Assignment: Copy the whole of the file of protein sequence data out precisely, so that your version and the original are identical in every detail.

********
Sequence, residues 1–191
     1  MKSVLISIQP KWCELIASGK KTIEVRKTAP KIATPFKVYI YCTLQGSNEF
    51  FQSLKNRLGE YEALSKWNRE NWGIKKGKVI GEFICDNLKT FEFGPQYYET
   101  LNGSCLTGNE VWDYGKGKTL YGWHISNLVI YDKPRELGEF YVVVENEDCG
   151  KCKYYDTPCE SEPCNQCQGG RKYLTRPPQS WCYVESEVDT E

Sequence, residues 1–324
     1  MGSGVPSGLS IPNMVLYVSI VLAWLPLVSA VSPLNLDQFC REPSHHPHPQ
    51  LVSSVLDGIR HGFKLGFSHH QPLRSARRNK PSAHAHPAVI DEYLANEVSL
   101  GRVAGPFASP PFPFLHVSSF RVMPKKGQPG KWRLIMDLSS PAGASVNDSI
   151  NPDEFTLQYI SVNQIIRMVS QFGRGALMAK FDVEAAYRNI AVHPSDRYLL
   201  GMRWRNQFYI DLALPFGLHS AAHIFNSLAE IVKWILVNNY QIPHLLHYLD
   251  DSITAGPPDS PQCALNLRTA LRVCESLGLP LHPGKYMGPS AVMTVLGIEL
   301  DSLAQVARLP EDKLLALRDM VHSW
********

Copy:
Sequence, residues 1–191
     1  MKSVLISIQP KWCELIASGK KTIEVRKTAP KIATPFKVYI YCTLQGSNEF
    51  FQSLKNRLGE YEALSKWNRE NWGIKKGKVI GEFICDNLKT FEFGPQYYET
   101  LNGSCLTGNE VWDYGKGKTL YGWHISNLVI YDKPRELGEF YVVVENEDCG
   151  KCKYYDTPCE SEPCNQCQGG RKYLTRPPQS WCYVESEVDT E

Sequence, residues 1–324
     1  MGSGVPSGLS IPNMVLYVSI VLAWLPLVSA VSPLNLDQFC REPSHHPHPQ
    51  LVSSVLDGIR HGFKLGFSHH QPLRSARRNK PSAHAHPAVI DEYLANEVSL
   101  GRVAGPFASP PFPFLHVSSF RVMPKKGQPG KWRLIMDLSS PAGASVNDSI
   151  NPDEFTLQYI SVNQIIRMVS QFGRGALMAK FDVEAAYRNI AVHPSDRYLL
   201  GMRWRNQFYI DLALPFGLHS AAHIFNSLAE IVKWILVNNY QIPHLLHYLD
   251  DSITAGPPDS PQCALNLRTA LRVCESLGLP LHPGKYMGPS AVMTVLGIEL
   301  DSLAQVARLP EDKLLALRDM VHSW